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Become a Special Collections Librarian: Education and Career Roadmap

Learn about a career as a special collections librarian. Research the job duties and the education and training requirements to make an informed decision about starting a career managing special collections. View article »

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  • 0:00 Becoming a Special…
  • 0:42 Earn a Master's Degree
  • 1:25 Gain Work Experience
  • 2:41 Consider Doctoral Studies
  • 3:06 Join a Professional…

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Video Transcript

Becoming a Special Collections Librarian

Degree Level Master's degree; doctoral degree required for some positions
Degree Field Library science or closely related field
Key Skills Cataloging and retrieving materials; assisting library patrons; researching new library materials; writing; use of information retrieval software, barcode scanners, and microfiche readers
Salary $56,880 (2015 median for all librarians)

Source: U.S. Bureau of Labor Statistics

Special collections librarians help individuals locate and use library materials pertaining to a specific field or area of study, like law or medical care. These professionals typically hold a graduate degree and have a keen understanding of not only library technology, but also their special collections field.

Most special collections librarians have a master's degree in library science or a closely related field, though a doctoral degree may be required for some positions. Aside from helping patrons, these librarians also catalogue and retrieve materials as well as research new library materials.

Step 1: Earn a Master's Degree in Library Science

Prospective special collections librarians are typically required to hold at least a master's degree in library science from a program that has been accredited by the American Library Association. Although students admitted to this graduate program must have at least a bachelor's degree, no particular undergraduate field of study is required.

Students may need to take courses such as cataloguing, library systems, information databases and library management. They may also learn the principles, concepts and fundamentals of a diverse range of subjects, such as monographic publications; hierarchical, hypertext and flat file database models; archive preservation; and computer hardware.

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Step 2: Gain Work Experience

Special collections librarians are responsible for ordering and maintaining information and items of particular importance to an organization. They may write abstracts, arrange periodical indexes, issue information to academics and professionals, conduct research and compile bibliographies.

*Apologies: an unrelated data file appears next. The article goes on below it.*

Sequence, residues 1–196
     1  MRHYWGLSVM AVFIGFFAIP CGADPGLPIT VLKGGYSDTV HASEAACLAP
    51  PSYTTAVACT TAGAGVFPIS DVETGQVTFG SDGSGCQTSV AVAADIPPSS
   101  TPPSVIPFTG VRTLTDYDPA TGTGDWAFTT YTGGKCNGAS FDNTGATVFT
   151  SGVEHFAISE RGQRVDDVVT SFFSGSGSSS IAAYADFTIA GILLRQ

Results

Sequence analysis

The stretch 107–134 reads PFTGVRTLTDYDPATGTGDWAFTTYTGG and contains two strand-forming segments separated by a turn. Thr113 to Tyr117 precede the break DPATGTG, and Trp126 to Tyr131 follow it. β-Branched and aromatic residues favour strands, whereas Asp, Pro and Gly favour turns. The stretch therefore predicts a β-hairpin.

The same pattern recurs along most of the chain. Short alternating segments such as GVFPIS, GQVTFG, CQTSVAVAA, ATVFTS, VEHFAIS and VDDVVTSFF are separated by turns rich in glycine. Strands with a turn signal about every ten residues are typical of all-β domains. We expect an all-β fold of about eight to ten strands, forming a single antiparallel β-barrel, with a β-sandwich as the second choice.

The increasing prevalence of computerized tools for maintaining library databases means that many special collections librarians will also need to possess a range of advanced technological skills, such as navigating information retrieval software, using barcode scanners and operating microfiche readers.

According to the U.S. Bureau of Labor Statistics (BLS), the median annual wage for librarians in 2015 was $56,880. Employment growth of only 2% was predicted by the BLS during the 2014-2024 decade. In addition, archivists who maintain valuable historical documents and records often have degrees in library science. Faster job growth of 7% was predicted for archivists during this period by the BLS, and the median annual salary for these professionals in 2015 was $50,250.

Step 3: Consider Doctoral Studies

Prospective special collections librarians interested in managing major collections may need to obtain a Ph.D. in Library Science. Applicants to this program are required to hold at least a master's degree. The Ph.D. program in library science is research-intensive. Some subjects that students may be required to take include research issues, information policy and ethics and qualitative research.

Step 4: Join a Professional Organization

Special collections librarians seeking to enhance their career opportunities may consider joining professional organizations, such as the Special Libraries Association, the American Association of Law Libraries and the American Library Association. The benefits of membership within these organizations may include the opportunity to exchange information with a network of peers and access to various professional development tools.

Special collections librarians help individuals locate and use library materials pertaining to a specific field or area of study, like law or medical care. They need at least a master's degree in library science, though earning a doctoral degree may be required for some positions.

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